On the Ground with Graduate Students in Extension
October 16th, 2018
By Rosalie Z. Fanshel
Rosalie Z. Fanshel is the Program Manager at the Berkeley Food Institute.
As science PhD students at UC Berkeley, Aidee Guzman and Kripa Jagannathan spend a lot of time in the lab analyzing data. Yet their work also involves many hours walking through fields with farmers in California’s Central Valley. With an interest in applied research and outreach, both took part in the innovative Graduate Students in Extension program (GSE), a collaborative pilot project of the UC Division of Agriculture and Natural Resources and UC Berkeley College of Natural Resources. The goal of the pilot is to train and recruit graduate students to become next generation of Cooperative Extension Specialists and Advisors. Cooperative Extension is the outreach arm of the University of California, tasked with helping the public solve real-world problems in agriculture, the environment, and human and community well-being. 280 cooperative extension specialists and advisors work on the ground in every county of California, providing evidence-based programming to Californians while also communicating the state’s research needs back to the university.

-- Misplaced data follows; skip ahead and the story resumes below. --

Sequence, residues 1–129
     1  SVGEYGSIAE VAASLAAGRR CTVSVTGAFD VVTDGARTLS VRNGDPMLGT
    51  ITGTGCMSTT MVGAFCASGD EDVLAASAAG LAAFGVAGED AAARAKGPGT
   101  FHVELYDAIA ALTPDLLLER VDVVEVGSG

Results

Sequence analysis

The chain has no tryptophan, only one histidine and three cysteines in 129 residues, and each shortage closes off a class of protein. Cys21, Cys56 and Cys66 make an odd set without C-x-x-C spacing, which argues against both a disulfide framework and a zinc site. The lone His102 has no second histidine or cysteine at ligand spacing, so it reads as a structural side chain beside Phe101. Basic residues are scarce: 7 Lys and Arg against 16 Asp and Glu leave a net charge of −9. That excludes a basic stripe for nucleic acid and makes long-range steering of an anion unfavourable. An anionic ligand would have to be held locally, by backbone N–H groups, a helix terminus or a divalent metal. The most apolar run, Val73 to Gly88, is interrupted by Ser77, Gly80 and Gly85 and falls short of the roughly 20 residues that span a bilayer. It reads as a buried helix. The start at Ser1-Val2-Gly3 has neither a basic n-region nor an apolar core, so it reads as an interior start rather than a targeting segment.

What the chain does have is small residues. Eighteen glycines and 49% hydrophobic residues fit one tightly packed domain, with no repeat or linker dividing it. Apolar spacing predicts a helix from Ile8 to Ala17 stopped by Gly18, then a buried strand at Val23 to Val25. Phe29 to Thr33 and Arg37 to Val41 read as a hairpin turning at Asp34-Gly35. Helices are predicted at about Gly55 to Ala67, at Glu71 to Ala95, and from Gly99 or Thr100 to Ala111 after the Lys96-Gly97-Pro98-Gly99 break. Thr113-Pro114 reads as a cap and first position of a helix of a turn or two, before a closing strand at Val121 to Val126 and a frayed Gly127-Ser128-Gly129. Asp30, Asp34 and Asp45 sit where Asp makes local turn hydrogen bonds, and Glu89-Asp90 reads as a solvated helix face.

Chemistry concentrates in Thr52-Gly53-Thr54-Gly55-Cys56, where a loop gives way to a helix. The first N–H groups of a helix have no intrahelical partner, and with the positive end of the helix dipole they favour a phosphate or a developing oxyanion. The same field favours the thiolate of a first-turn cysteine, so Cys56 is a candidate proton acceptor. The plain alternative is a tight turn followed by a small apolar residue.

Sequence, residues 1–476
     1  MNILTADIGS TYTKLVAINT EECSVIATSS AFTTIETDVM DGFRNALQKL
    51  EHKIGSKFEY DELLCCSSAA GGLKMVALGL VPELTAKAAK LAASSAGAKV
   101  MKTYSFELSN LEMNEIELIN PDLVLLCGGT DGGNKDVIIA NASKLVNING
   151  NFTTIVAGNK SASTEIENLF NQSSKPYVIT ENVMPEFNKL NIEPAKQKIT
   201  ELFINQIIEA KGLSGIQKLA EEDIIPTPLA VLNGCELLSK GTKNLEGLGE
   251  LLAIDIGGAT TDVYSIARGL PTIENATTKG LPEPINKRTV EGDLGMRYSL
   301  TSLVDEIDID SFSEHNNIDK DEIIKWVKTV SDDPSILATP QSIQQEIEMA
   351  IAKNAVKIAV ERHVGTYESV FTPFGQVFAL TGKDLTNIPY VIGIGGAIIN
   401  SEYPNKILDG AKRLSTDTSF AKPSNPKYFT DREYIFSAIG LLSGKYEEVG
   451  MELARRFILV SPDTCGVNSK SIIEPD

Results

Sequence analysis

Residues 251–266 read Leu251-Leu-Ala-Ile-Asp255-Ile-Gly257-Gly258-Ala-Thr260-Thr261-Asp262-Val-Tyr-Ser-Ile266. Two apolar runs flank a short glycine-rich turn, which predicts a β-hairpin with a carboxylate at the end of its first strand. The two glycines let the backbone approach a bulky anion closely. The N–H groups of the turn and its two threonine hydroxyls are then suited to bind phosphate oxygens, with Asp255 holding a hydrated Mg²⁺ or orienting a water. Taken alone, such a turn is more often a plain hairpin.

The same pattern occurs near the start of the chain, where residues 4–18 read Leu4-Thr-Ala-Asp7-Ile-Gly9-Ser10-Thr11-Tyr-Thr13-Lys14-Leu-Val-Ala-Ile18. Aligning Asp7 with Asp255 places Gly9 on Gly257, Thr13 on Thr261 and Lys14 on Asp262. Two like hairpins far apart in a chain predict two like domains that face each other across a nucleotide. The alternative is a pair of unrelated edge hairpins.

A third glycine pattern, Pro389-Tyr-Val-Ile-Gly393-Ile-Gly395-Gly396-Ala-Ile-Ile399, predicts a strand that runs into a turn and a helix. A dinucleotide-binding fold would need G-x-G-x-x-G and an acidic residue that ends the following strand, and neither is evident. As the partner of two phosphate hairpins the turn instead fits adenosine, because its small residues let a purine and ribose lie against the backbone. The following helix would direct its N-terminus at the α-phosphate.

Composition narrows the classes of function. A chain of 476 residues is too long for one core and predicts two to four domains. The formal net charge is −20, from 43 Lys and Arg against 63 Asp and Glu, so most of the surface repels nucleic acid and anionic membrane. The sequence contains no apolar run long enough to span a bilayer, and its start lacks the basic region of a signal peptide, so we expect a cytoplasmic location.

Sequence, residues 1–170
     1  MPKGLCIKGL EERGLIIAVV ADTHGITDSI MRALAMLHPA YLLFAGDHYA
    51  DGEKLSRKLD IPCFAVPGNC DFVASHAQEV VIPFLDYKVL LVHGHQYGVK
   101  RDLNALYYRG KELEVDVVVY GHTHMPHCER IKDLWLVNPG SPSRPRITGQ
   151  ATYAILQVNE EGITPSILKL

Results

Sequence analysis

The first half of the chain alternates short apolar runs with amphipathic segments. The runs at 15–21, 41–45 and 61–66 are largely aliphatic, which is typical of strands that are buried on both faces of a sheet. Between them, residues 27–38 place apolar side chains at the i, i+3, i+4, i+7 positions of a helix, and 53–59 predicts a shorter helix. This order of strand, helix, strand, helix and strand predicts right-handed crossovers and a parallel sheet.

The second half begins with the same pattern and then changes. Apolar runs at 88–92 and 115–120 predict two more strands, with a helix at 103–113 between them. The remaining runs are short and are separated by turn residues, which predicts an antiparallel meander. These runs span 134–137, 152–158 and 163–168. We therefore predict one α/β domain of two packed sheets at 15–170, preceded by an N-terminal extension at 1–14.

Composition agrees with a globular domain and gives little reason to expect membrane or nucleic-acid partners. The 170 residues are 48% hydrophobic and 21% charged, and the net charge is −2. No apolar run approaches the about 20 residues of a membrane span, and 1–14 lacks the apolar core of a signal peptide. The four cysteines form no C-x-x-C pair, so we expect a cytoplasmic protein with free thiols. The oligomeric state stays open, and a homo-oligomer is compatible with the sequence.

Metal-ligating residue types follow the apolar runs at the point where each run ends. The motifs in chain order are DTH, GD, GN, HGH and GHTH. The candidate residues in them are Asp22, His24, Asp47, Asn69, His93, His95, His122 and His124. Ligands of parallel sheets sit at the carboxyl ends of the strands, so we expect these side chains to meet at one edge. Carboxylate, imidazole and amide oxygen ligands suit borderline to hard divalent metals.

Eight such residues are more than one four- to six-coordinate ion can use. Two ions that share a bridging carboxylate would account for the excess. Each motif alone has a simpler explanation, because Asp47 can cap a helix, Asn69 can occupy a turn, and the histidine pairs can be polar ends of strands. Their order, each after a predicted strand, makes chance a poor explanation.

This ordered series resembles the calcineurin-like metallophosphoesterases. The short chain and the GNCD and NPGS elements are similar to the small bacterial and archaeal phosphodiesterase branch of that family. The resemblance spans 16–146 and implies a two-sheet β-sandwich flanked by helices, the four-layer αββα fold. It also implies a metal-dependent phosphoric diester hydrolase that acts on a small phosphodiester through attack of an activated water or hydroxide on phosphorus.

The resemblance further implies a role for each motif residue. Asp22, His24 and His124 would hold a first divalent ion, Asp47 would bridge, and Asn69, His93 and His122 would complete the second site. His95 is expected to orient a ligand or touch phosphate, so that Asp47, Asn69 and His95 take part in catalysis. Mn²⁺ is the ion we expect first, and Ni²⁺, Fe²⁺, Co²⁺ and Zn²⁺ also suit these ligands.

As a 2015 GSE Fellow, Kripa Jagannathan (PhD Candidate, Energy and Resources Group), set out to evaluate the usability of climate science for adaptation planning in agriculture and water management, with a focus on perennial tree crops. For Kripa, research and extension are not separate pursuits. Through interviews, focus group discussions, and workshops with California almond farmers and water utilities officials, she set out to understand the types of climate information that practitioners need, and whether current scientific research is meeting those needs. Kripa learned that almond growers have in fact experienced changes in climate over the past few decades, yet current climate projection tools don’t address crop-specific climate information such as future changes in chill hours and frost patterns. After receiving this feedback she started another project to evaluate how well climate models are able to predict chill hours. She is working with Lawrence Berkeley Lab and the California USDA Climate Hub on further research to develop these decision-relevant tools.